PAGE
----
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Rationalize the denominator: 1/cube root(a)

Guest Sep 25, 2014

Best Answer 

 #2
avatar+91517 
+5

$$\\\dfrac{1}{\sqrt[3]{a}}\\\\\\
=\dfrac{1}{a^{1/3}}\\\\\\
=\dfrac{1}{a^{1/3}}\times \dfrac{a^{2/3}}{a^{2/3}}\\\\\\
=\dfrac{a^{2/3}}{a^{1/3+2/3}}\\\\\\
=\dfrac{a^{2/3}}{a^{1}}\\\\\\
=\dfrac{\sqrt[3]{a^2}}{a}\\\\\\
$Which is exactly what geno said in the first place! $$$

Melody  Sep 26, 2014
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2+0 Answers

 #1
avatar+17711 
+5

To remove the radical from the denominator, multiply both the numerator and the denominator by a value that makes the denominator whole.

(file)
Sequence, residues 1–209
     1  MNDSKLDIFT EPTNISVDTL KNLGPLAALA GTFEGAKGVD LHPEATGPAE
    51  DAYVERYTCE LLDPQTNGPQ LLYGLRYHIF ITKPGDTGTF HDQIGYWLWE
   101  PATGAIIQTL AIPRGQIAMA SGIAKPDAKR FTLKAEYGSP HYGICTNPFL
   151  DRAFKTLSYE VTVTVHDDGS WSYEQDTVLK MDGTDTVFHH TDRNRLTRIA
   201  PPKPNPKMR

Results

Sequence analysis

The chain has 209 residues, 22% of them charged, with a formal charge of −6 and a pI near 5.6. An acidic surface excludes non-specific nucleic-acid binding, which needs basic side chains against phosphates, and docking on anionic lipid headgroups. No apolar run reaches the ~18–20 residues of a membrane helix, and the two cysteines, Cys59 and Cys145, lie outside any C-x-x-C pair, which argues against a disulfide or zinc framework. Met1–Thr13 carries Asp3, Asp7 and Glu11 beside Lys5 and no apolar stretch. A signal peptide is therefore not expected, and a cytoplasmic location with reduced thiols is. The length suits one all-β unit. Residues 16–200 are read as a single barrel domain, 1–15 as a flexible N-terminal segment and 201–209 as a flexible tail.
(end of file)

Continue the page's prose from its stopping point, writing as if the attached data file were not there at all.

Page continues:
If the denominator is cube root(a) multiply the numerator and denominator by cube root(a²).

The numerator becomes the cube root(a²) while the denominator becomes the cube root(a³), which is just a.

So the answer is: cube root(a²) / a.

geno3141  Sep 25, 2014
 #2
avatar+91517 
+5
Best Answer

$$\\\dfrac{1}{\sqrt[3]{a}}\\\\\\
=\dfrac{1}{a^{1/3}}\\\\\\
=\dfrac{1}{a^{1/3}}\times \dfrac{a^{2/3}}{a^{2/3}}\\\\\\
=\dfrac{a^{2/3}}{a^{1/3+2/3}}\\\\\\
=\dfrac{a^{2/3}}{a^{1}}\\\\\\
=\dfrac{\sqrt[3]{a^2}}{a}\\\\\\
$Which is exactly what geno said in the first place! $$$

Melody  Sep 26, 2014

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